Kevin Hubbard, Edwardsville

Eric Kantola, Maryville

Chastity Porterfield, St. Louis

Jason Finke, Fairview Heights

Sam Kaniu, Spanish Lake

Lawrence Harris, E. St. Louis

Mike Richardson (Brake repairman), Wood River

"On a technical level, there were defects, and the victims should have been compensated, but $43 million was horribly excessive. These kinds of settlements are driving American businesses overseas."
Kevin Hubbard, Edwardsville

"Ford has a history of “cold blooded” executive strategic decisions, like the case years ago with the Ford Pinto, where Ford opted it more economically sound to close their eyes to the defects, rather than recalling the Pintos, and fixing the problem. It’s unfortunate that these kinds of settlements will be passed onto the consumers."
Eric Kantola, Maryville

"I believe some form of punishment was necessary, but this settlement was excessive. As an advocate for small businesses, these large settlements affect the whole community. In reality, the money isn’t going to make the women any better."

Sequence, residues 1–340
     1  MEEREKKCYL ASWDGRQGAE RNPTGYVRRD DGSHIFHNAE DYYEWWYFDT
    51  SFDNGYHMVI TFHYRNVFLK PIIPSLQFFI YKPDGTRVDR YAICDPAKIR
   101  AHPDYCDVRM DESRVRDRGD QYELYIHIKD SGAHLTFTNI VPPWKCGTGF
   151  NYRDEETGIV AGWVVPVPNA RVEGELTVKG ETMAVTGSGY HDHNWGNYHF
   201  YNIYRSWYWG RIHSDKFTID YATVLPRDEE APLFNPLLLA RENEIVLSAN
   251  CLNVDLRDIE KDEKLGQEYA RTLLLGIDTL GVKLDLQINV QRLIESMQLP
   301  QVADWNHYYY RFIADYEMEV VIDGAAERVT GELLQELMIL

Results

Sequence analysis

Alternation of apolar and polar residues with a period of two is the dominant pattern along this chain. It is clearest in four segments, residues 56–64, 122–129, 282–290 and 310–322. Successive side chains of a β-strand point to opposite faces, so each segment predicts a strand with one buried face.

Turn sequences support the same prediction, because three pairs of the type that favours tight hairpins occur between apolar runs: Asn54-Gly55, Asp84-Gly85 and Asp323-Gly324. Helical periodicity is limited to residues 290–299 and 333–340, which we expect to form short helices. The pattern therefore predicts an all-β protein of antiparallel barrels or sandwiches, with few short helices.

Chastity Porterfield, St. Louis

"On the issue of negligence in design, I’m led to believe that Ford was probably aware of the problem. And if they were aware of the design problem, why didn’t they correct the problem? For a corporation such as Ford, $43 million dollars isn’t excessive –it’s the only way to get a message to them."
Jason Finke, Fairview Heights

"I don’t think one can equate money to the loss of life. The gas tank should’ve been put in a safe place, but if it was designed to an area where it was prone to ignite, then $43 million dollars is an adequate amount. On the other hand, if lawyers are paid up to 15 percent of the settlement money –that’s extortion. If they are for the people, then why take so much?"
Sam Kaniu, Spanish Lake, Mo.

"The victims should have been awarded $43 million dollars –or more. I’m sure Ford knew of the design defect. As a matter of fact, there should be an investigation into other accidents caused by the design error. Is Ford’s priority to make cars faster and efficient, over making them safer?"
Lawrence Harris, East St. Louis

"Ford putting the gas tank behind the rear axle was a bad decision because there’s nothing to stop the impact. But, Ford has multiple histories of vehicle recalls. $43 million dollars is not too much, because no amount of money is worth a human life."
Mike Richardson, Wood River

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